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Understanding the principles and benefits of Material Design

Unless you have been living under a rock for the past few years, you will doubtless have heard of the term ‘flat design’. When I say ‘heard of’, what I actually mean is confronted with it every time you browsed the internet. What started off as an interesting design direction became an all-pervasive, must-have design ‘trend’.

Blindly following the latest trend is never a good thing. It inhibits creativity, originality and forward thinking. It fosters a state of affairs where everybody is just copying everyone else and every website starts to look the same. It makes for a very dull internet experience. For a while people speculated on what the next ‘trend’ would be, giving life to the ‘long-shadow’. Anyway, it turns out Madonna had it right years ago with her famous line ‘we are living in a material world’ – and the people at Google have taken notice.

The Material Design Philosophy

Reading through Google’s design principles, I have to admit I find the direction they are taking is logical and refreshing. In essence, the goal is to emulate what we would expect to see in the real world. Surfaces, objects, movement and lighting are all key considerations. The exciting part is that we can take these fundamentals and build on them in ways that are “technologically advanced and open to imagination and magic”.

To shed a little more light on the basics of Material Design I have picked out a couple of pertinent points from their design manifesto.

Surfaces and edges of the material provide visual cues that are grounded in reality. The use of familiar tactile attributes helps users quickly understand affordances… The fundamentals of light, surface, and movement are key to conveying how objects move, interact, and exist in space and in relation to each other. Realistic lighting shows seams, divides space, and indicates moving parts.

This leads us to arguably two of the most interesting aspects of the the Material Design specification:- Authentic motion and Responsive interaction.

What is Authentic motion?

In the real world we are governed by the laws of physics. We rightly expect a certain outcome when an object of a given size and mass starts to move. In the world of material design, the objective is to deliver to the end user the same “functionality and intention with beauty and fluidity”. Here is a breakdown of the key considerations for authentic motion:-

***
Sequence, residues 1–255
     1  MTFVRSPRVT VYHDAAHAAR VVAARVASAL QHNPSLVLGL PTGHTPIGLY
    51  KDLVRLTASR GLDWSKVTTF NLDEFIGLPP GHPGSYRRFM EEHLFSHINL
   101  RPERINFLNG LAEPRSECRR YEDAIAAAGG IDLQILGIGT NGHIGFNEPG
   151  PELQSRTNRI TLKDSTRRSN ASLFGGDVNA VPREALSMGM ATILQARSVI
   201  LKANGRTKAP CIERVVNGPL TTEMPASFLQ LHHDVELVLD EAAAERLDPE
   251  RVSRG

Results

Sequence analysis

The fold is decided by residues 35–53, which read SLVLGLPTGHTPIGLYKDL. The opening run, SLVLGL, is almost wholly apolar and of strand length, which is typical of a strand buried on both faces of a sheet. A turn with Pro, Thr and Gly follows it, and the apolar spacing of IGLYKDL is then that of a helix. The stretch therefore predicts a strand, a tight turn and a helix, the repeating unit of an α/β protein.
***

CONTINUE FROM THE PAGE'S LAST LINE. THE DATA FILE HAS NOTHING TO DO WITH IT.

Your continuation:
• When animations have abrupt starts, stops, or changes in direction, they appear unnatural
  • Motion in material design should embrace the familiarity and real-world behavior of physical objects
  • Changes in acceleration or deceleration should be smooth across the duration of an animation
  • Abrupt changes in speed or direction are jarring and draw attention
  • Use curved motion and avoid linear spatial paths

Responsive interaction explained

Let’s get all notions of ‘responsive web design’ and RWD out of our head for now. This is not really the thrust of the term here. Responsive interaction is more about user engagement. Design that elicits a response. “What will happen if I touch this screen? And then this icon?”

responsive interaction

Getting the user to want to interact with your app “elevates an app from an information-delivery service to an experience that communicates using multiple visual and tactile responses”. If we are trying to engage our user the benefits of responsive interaction are obvious. This requires giving serious consideration to every element of interaction.

Points to remember

  • User input – UI elements appear tangible, even though they are behind a layer of glass (the device screen)
  • Surface reaction – From the point of input (the contact point of a finger or the microphone icon for voice), make the visual reaction radial
  • Material response – On touch, the user can generate new or transform existing material
  • Radial action – Add clarity to user input through visual reactions to user input

For an in-depth review of all the features and specification please refer to this Google guide:- http://www.google.com/design/spec/material-design/introduction.html#

In the specification it does note that this philosophy is still quite new and evolving so expect a few new developments along the way.

If we can understand the principles of Material Design and incorporate some of these principles into our designs and applications this can only be a good thing and makes for a better web experience. Whether Material Design becomes a trend that is followed blindly is yet to be seen.

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